Reding Unveils EU Data Protection Law Update
Non-EU companies such as Google and Facebook could face legal action of they violate EU privacy regulations
Viviane Reding, European Commissioner for Justice, Fundamental Rights and Citizenship, has warned that the EU will not hesitate to take legal action against websites and services that fail to uphold data privacy rules, as the European Commission prepares to update the laws covering online privacy.
“To enforce the EU law, national privacy watchdogs shall be endowed with powers to investigate and engage in legal proceedings against non-EU data controllers whose services target EU consumers,” Reding stated on Wednesday. “Any company operating in the EU market or any online product that is targeted at EU consumers must comply with EU rules.”
Reding said the proposed update will be based on four principles, one of which is the enforceability of EU regulations on non-EU companies. Another is that users have “the right to be forgotten”, and thus to opt out of data collection and storage.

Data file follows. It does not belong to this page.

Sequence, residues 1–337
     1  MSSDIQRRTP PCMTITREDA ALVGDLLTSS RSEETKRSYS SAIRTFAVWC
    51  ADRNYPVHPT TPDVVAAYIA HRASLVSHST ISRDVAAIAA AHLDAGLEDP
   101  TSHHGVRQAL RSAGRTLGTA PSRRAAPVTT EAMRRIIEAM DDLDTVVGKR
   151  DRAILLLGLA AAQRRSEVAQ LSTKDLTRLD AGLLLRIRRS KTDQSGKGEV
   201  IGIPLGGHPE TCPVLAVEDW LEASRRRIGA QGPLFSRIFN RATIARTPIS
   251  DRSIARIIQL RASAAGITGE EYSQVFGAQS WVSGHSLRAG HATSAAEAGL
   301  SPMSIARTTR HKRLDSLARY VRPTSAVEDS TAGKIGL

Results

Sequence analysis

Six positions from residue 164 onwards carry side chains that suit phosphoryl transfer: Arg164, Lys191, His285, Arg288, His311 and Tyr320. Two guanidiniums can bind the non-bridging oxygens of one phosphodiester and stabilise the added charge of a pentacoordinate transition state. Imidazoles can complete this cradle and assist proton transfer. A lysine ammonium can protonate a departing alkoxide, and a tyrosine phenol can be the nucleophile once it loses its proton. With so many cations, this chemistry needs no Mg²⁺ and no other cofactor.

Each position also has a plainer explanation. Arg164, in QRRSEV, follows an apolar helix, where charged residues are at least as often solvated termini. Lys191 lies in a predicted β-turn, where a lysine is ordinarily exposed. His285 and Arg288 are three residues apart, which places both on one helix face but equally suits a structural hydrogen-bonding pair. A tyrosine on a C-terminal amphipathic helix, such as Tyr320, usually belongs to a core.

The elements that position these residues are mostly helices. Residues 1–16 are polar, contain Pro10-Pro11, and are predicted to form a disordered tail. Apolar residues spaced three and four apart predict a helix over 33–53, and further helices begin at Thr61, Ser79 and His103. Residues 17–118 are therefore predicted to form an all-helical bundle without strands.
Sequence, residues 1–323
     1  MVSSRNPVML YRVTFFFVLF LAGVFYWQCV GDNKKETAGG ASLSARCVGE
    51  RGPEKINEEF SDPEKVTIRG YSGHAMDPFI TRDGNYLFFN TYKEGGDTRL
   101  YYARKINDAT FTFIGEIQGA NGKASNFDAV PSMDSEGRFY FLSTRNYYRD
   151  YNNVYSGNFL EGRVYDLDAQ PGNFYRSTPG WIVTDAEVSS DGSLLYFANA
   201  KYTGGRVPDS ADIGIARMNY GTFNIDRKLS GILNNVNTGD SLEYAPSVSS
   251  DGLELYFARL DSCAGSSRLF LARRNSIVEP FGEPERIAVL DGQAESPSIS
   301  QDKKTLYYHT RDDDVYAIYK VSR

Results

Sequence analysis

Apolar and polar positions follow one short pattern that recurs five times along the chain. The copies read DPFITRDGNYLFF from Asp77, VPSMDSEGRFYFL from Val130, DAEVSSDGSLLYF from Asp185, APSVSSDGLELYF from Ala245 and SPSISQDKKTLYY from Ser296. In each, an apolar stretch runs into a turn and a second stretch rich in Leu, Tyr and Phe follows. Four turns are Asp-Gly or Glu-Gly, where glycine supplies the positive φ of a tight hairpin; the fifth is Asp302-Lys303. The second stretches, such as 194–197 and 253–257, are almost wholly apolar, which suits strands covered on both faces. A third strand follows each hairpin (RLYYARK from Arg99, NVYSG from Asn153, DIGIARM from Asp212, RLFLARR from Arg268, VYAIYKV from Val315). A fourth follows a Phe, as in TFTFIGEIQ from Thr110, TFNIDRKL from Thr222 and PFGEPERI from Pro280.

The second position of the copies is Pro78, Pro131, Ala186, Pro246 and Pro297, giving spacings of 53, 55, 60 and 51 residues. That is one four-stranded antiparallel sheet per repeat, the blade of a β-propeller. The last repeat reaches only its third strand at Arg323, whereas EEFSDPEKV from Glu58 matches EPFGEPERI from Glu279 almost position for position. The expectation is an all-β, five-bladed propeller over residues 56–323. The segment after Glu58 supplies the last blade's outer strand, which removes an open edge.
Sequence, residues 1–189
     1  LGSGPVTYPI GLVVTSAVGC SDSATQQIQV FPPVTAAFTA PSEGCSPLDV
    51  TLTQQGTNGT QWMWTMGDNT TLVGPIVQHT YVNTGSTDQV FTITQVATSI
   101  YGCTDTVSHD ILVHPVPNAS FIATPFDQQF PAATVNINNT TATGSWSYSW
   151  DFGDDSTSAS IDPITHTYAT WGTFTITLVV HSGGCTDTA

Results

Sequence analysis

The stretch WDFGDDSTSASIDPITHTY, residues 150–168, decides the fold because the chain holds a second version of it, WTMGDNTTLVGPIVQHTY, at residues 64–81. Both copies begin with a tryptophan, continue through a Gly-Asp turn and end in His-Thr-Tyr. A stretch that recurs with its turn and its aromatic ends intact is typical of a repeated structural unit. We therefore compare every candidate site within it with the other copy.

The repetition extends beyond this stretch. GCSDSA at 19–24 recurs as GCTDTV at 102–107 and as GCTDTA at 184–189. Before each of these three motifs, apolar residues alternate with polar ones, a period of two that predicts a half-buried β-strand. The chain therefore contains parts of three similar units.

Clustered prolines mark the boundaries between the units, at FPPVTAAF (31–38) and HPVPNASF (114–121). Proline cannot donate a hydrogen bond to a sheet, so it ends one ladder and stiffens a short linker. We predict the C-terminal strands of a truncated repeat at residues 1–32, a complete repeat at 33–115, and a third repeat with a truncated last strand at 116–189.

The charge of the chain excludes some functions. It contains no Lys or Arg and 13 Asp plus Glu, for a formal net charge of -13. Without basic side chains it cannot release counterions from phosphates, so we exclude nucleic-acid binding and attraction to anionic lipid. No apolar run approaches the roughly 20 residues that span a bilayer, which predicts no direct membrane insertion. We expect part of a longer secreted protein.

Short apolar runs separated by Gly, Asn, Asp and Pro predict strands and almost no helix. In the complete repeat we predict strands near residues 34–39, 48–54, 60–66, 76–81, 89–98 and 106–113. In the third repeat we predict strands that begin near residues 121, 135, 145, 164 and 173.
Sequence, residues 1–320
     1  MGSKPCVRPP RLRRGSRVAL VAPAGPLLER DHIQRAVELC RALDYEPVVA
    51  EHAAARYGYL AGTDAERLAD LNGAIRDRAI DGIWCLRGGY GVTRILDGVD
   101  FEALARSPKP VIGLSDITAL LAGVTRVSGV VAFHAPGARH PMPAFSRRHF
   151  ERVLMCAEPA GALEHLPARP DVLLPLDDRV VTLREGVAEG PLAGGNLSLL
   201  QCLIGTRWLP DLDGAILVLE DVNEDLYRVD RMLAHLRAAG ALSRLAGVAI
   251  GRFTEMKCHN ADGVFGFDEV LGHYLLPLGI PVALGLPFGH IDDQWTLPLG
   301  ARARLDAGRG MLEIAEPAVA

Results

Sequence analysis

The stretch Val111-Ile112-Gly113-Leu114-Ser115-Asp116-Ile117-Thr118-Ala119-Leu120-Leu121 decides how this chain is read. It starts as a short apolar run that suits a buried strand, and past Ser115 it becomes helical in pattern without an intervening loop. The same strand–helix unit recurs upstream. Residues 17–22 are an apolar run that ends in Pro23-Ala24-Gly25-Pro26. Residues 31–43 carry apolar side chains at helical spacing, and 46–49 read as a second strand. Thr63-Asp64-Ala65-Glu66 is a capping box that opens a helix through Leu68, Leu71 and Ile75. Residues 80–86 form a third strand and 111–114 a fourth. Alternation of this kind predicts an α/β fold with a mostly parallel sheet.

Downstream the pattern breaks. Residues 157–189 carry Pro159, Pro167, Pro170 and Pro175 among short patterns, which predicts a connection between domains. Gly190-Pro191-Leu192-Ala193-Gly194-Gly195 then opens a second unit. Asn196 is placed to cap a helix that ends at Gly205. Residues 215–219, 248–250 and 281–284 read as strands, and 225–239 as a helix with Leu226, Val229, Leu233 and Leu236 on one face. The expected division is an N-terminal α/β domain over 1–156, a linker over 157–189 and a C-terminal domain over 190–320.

Websites “must prove that they need to keep the data, rather than individuals having to prove that collecting their data is not necessary”, she stated. “I am a firm believer in the necessity of enhancing individuals’ control over their own data.”
‘Privacy by default’
A third principle is transparency: websites must also provide more clarity on what data they are collecting and what it is to be used for, she said.
Reding said data collection should also be based on “privacy by default”, rather than on requiring users to opt out of data collection efforts.
“Privacy settings often require considerable operational effort in order to be put in place,” she stated. “Such settings are not a reliable indication of consumers’ consent. This needs to be changed.”
The Commission’s proposals on the data protection rules will be released by July, Reding said.